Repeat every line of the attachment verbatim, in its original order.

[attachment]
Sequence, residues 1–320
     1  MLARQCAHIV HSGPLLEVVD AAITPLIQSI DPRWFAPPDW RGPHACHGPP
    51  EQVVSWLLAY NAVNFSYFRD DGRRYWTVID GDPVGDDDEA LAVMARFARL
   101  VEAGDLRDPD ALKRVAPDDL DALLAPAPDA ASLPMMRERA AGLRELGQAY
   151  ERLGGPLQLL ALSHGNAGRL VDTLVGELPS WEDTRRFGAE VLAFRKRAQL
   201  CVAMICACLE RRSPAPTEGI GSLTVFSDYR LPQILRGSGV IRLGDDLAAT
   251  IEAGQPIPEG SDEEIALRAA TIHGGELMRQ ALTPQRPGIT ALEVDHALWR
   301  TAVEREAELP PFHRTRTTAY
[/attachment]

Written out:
Sequence, residues 1–320
     1  MLARQCAHIV HSGPLLEVVD AAITPLIQSI DPRWFAPPDW RGPHACHGPP
    51  EQVVSWLLAY NAVNFSYFRD DGRRYWTVID GDPVGDDDEA LAVMARFARL
   101  VEAGDLRDPD ALKRVAPDDL DALLAPAPDA ASLPMMRERA AGLRELGQAY
   151  ERLGGPLQLL ALSHGNAGRL VDTLVGELPS WEDTRRFGAE VLAFRKRAQL
   201  CVAMICACLE RRSPAPTEGI GSLTVFSDYR LPQILRGSGV IRLGDDLAAT
   251  IEAGQPIPEG SDEEIALRAA TIHGGELMRQ ALTPQRPGIT ALEVDHALWR
   301  TAVEREAELP PFHRTRTTAY